CORYLOPSIS......
last updated 27/01/2018



CORYLOPSIS

This genus is often considered to be acid loving and indeed will thrive on acid soils. However, with the possible exception of C. pauciflora, they will survive almost indefinitely on even shallow chalk soils. As with so many plants, it is not the pH of the soil that is important, so much as the structure - it is much more important that it is not too heavy and drains well enough in winter whilst holding moisture adequately in summer. 

Racemes of attractive yellow flowers hang from bare branches in early spring and I never fail to be pleasantly surprised by their lovely perfume too.


CORYLOPSIS glabrescens var. gotoana 'Chollipo'
Originating from the Chollipo Arboteum in South Korea, this is a splendid selection. The large leaves are slightly rounded in shape, showing subtle bronze tints in spring and lovely golden autumn colours. Attractive fragrant yellow flowers hang from bare branches in early spring.


CORYLOPSIS glabrescens var. gotoana    
This has the largest leaves of the species that we grow, but they are an amazing shade of green that is almost blue. The delightful primrose yellow flowers hang in bunches from bare twigs in early Spring. When thriving, this can be a vigorous plant, developing into an open vase-shape.


CORYLOPSIS glabrescens 'Lemon Drop'
Corylopsis can be a very bewildering genus from the nomenclature perspective. This is a really gorgeous cultivar, but it doesn't bear much resemblance to the other clones of C. glabrescens that we grow. This one is completely different in its habit, being dense and low growing, with much smaller leaves. It's also one of teh most floriferous, with noticeably brighter, acid yellow flower.
See it in the Quarry Garden and Woodland Walk.


CORYLOPSIS glandulifera 
This is a rare Chinese species, and the plant that we obtained under this name has become one of my favourites in the genus. It is rather upright in habit, with longer, comparatively narrow leaves (particularly when it is young and growing strongly) which add to its elegance. The primrose yellow flowers in March are typical of the species and (to my nose) particularly sweetly scented.
See it in the Quarry Garden and Woodland Walk.


CORYLOPSIS pauciflora  
The smallest growing of the genus (to 2m) with small leaves which are bronzy when young. Large primrose yellow flowers held singly, often just before the other species. It is also sweetly scented. A truly beautiful plant but it prefers good well drained soil and a sheltered site.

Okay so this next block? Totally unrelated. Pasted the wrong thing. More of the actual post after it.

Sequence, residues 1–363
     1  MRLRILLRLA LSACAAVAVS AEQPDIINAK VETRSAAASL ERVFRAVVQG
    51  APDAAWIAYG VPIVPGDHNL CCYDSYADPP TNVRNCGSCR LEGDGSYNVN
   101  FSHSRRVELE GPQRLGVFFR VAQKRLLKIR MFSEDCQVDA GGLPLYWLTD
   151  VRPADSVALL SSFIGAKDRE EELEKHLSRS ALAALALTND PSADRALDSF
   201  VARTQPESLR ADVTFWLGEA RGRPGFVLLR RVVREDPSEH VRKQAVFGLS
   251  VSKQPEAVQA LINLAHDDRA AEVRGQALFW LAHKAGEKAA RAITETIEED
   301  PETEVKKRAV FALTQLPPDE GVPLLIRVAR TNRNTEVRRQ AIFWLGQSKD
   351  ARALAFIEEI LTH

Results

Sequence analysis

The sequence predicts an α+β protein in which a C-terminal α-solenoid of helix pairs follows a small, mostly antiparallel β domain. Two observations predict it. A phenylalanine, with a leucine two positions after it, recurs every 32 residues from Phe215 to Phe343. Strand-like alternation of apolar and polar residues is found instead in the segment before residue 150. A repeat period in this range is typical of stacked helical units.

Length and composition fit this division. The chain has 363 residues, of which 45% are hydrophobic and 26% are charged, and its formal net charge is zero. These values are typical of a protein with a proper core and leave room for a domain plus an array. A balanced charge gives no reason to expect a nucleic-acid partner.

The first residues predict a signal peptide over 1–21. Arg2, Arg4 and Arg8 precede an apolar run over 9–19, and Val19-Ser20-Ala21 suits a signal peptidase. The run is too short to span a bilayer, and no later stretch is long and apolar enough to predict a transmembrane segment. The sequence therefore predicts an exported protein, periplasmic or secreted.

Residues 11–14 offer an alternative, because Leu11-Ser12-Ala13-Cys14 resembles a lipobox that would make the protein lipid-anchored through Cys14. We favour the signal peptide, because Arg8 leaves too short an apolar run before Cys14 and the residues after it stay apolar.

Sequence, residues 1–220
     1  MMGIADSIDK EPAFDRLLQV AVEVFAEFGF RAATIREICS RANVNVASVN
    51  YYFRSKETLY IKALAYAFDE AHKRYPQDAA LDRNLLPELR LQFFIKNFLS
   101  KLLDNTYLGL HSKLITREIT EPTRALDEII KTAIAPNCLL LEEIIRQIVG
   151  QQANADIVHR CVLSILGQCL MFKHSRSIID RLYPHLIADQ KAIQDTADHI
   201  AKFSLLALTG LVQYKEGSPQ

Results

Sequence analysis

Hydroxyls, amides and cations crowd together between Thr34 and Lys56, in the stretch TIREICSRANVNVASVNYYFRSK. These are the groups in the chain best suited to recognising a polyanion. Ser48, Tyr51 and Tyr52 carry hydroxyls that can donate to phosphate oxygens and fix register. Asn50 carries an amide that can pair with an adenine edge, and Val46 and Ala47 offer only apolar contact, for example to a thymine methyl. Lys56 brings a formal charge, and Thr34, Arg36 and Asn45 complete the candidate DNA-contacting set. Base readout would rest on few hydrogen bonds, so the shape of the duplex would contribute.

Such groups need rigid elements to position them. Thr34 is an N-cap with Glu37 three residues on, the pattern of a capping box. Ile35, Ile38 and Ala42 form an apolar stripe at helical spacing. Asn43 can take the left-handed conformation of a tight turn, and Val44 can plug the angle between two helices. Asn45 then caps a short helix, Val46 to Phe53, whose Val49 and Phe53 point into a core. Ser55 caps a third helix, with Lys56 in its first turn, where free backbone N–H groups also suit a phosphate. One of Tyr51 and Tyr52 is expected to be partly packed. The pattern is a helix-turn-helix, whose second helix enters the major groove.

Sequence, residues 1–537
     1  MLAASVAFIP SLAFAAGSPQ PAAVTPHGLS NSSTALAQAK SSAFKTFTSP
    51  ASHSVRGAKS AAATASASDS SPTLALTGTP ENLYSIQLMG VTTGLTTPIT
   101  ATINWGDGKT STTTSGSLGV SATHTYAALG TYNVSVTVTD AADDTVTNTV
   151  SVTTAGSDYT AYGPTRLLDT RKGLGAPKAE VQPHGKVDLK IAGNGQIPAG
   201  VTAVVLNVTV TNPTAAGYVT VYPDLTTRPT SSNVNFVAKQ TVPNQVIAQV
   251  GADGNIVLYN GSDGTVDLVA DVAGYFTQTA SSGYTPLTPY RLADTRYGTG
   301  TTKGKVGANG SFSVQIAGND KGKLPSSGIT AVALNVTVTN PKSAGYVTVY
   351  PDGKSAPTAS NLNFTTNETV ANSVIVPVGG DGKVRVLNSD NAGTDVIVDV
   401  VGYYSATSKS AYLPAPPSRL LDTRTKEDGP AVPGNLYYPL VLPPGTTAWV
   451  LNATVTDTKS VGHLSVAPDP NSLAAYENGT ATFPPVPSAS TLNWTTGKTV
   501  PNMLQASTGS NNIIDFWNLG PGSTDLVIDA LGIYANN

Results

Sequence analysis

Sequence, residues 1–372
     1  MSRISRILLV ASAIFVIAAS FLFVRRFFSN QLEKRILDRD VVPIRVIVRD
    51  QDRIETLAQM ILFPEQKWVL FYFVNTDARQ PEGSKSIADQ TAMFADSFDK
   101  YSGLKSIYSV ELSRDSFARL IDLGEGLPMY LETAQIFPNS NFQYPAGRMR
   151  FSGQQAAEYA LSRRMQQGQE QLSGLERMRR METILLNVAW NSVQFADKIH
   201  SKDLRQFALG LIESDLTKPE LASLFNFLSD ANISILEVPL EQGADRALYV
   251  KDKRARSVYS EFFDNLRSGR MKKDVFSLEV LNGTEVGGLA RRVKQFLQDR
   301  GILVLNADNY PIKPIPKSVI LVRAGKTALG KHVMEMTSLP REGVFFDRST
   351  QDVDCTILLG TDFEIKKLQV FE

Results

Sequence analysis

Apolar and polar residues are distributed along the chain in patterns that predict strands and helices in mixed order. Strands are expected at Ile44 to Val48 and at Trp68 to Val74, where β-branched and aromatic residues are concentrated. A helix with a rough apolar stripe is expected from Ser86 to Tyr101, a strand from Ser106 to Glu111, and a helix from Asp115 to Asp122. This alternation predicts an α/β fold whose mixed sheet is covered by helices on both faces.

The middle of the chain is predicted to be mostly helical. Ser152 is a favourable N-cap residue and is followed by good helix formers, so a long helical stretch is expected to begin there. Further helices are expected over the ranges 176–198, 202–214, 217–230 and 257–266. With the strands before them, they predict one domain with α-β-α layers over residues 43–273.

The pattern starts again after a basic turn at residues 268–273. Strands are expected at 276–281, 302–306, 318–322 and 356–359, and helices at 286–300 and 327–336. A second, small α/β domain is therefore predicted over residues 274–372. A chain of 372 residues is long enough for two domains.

See it in the Quarry Garden and Woodland Walk.

CORYLOPSIS sinensis 'Spring Purple'    
A gorgeous form with deeper plum purple young growth maturing to deep green flushed with purple. Soft yellow flowers in dense racemes in April. Beautiful but not the most resilient, so the soil structure is all important with this one. The rapidly extending soft young growth can be vulnerable to late frost.


CORYLOPSIS spicata 'Red Eye'
This species is robust in constitution, though usually remaining smaller in size. It has distinctively rounded, almost heart shaped leaves. The racemes of yellow flowers are equally memorable with prominent red stamens. Good autumn colour.

CORYLOPSIS veitchiana
This well-behaved species seems to be particularly tolerant of heavier soil. It develops an upright habit, with long leaves which are often purplish when young. Large racemes of primrose-yellow flowers are sweetly scented.
See it in the Quarry Garden and Woodland Walk.

CUNNINGHAMIA lanceolata 'Glauca'
This small genus of Chinese conifer most closely resembles the infamous monkey puzzle tree (and in more recent times, the Wollemii pine). It may be necessary to stake the young tree initially until it develops its own dominant leader. It will then grow in layers to create a much more dramatic and architectural shape than many conifers. However, it will get pretty big given enough years. This particular selection is totally hardy despite its almost tropical appearance, and has the most wonderful glaucous leaves, the bloom making the tree appear a breathtaking pale blue. Thanks to Keith Wiley for introducing me to this one and generously giving me a few cuttings to get me started.
See it in the Woodland Walk

CYCLAMEN graecum
I adore Cyclamen in all their forms and this species is particularly special. It emerges and flowers in the autumn, and is distinguished by some of the most handsomely marked leaves in the genus. It is perfect enjoyed in a cold greenhouse where it can be appreciated on the grimmest of days, but it can also be grown outside in much of this country, tucked under an evergreen or under an overhanging roof where it will get a little weather protection. It does not like to bake dry in summer. It develops something of a permanent tap root, and the key to success is to maintain deep moisture for this permanent root, whilst the corm itself is able to dry off during its summer dormancy. I can offer splendidly marked plants in 9cm pots.

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